The Tribe Has Spoken – Survivor: Office Style

Marisa Keegan Employee Communications, Employee Relations, Engagement and Satisfaction, Marisa Keegan, Television

I’ll be the first to admit that watching Survivor is like watching a car wreck – sick, but oddly intriguing. While most people would say they watch it for the crazy challenges, the strategy & game play, or the barely dressed girls, I watch because of the psychology behind it. The reason Survivor is truly successful is because they set players up for months of heated storyline by mixing three careful ingredients (paranoia, isolation, and high stakes) and letting them stew. From there, players’ minds go crazy, they psych themselves out, pit people against each other and create drama from nothing…all of which viewers like myself love.

While “Survivor: TV Style” makes me giddy, “Survivor: Office Style” makes my stomach turn.

“Survivor: Office Style” is what happens when you take paranoia (big changes within a company), isolation (any group of employees who don’t have access to all relevant information around them), and high stakes (their ability to put food on the table), and mix them all together and let them stew.

When there are big changes within a company, be it a bad economy, a major player leaving, or a merger, a sense of paranoia sets in amongst employees. If they are isolated (stuck there without details) and believe that those changes can have a negative impact on their job (high stakes), productivity will decrease and chaos will increase. Eliminate just one of those factors and the chaos decreases as well.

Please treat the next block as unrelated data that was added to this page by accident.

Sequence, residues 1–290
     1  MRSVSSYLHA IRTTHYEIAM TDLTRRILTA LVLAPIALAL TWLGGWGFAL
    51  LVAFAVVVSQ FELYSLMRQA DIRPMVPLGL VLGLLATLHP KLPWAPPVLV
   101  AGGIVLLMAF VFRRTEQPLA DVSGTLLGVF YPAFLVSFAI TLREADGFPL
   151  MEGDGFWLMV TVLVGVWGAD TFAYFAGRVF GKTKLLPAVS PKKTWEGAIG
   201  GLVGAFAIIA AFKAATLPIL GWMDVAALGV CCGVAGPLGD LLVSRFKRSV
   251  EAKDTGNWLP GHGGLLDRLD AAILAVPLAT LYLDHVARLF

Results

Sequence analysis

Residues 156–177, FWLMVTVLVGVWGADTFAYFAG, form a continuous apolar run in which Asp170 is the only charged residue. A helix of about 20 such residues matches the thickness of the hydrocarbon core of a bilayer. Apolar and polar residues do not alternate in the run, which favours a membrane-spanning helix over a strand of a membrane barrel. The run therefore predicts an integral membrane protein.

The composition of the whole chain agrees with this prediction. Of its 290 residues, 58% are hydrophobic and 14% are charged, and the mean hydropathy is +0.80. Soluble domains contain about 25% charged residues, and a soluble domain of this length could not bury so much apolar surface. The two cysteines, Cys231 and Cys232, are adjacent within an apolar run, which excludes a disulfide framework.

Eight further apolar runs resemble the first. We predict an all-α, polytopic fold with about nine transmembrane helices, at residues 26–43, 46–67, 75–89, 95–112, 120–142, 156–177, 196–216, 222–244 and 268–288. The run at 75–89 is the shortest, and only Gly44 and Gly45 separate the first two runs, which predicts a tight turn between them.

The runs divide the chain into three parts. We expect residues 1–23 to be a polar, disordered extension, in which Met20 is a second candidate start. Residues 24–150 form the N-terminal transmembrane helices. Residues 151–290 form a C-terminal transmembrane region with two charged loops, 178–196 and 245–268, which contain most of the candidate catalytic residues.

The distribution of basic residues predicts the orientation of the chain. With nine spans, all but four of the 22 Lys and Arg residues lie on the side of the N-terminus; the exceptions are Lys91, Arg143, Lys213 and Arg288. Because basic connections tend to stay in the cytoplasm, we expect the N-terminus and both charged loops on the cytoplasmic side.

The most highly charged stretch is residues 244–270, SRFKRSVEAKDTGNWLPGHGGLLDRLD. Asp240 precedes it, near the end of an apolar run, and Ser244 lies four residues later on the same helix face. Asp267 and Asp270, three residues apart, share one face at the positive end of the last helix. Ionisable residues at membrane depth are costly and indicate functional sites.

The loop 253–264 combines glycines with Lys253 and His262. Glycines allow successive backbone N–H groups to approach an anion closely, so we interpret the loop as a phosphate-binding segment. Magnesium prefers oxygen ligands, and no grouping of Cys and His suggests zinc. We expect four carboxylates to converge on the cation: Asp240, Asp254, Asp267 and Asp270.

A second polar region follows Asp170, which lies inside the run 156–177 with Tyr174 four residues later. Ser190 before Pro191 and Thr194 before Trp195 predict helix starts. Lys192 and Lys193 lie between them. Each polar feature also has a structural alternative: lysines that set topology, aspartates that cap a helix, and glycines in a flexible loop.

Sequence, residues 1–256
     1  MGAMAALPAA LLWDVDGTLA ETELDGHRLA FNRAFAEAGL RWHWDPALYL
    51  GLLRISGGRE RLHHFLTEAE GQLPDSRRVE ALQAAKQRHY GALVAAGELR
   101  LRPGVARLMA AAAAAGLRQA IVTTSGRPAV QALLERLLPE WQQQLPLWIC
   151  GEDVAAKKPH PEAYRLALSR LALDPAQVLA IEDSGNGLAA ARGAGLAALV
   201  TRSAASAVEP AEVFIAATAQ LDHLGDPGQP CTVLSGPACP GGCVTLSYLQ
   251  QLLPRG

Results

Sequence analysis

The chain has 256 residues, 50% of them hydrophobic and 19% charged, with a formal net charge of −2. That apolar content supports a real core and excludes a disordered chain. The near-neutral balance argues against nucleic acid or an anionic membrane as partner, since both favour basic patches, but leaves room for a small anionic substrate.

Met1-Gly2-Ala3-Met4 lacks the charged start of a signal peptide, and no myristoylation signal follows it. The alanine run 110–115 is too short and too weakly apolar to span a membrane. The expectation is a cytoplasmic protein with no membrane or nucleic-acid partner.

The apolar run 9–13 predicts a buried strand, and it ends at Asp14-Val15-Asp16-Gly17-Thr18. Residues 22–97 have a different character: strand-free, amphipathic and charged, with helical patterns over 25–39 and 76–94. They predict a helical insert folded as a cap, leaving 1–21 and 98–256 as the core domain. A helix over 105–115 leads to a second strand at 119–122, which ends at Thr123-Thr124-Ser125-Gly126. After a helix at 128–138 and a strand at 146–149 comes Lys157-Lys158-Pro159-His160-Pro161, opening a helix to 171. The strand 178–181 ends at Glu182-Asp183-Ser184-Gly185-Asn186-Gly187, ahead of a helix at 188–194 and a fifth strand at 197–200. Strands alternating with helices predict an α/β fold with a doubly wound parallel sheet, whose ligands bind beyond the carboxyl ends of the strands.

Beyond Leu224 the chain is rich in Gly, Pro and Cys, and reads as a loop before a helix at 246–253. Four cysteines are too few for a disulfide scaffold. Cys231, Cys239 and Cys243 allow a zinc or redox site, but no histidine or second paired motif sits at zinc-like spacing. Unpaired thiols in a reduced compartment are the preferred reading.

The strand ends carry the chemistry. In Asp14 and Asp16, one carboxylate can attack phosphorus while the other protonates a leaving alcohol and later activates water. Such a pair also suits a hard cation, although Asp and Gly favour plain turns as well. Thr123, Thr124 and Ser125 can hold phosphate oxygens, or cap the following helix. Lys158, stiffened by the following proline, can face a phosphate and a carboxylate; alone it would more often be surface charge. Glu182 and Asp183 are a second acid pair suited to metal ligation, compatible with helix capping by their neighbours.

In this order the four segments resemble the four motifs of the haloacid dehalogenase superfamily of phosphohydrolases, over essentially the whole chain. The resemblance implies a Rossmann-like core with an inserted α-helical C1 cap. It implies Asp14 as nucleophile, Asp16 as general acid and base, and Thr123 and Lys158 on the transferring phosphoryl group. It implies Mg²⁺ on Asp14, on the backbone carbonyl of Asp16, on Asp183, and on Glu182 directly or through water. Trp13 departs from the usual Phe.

The quickest way to decrease paranoia is to decrease isolation and the easiest way to decrease isolation is to increase communication. Yet so many companies screw this piece up. When you are going through major changes in your organization, it’s time to hold your employees hands and make them feel better. I believe that death by over-communication is less painful (and much less common) than death by under-communication. Yes, sometimes the truth hurts (especially if the truth is that your company isn’t doing so hot), but giving employees as much information as you possibly can shows your employees that you’re at least trying to help them understand the situation.

The quickest way to get a pulse on where the areas of paranoia are within your company is to touch base with the managers who interact with your employees regularly. Coach them on how to gather feedback from employees about areas of paranoia, how to figure out what employees are concerned about, and what to do with that information.

The high stakes factor will never go away – but you can have control over the paranoia and isolation by using common sense and lots and lots of communication. So, what are some of the ways your organization tries to extinguish the torch on “Survivor: Office Style”?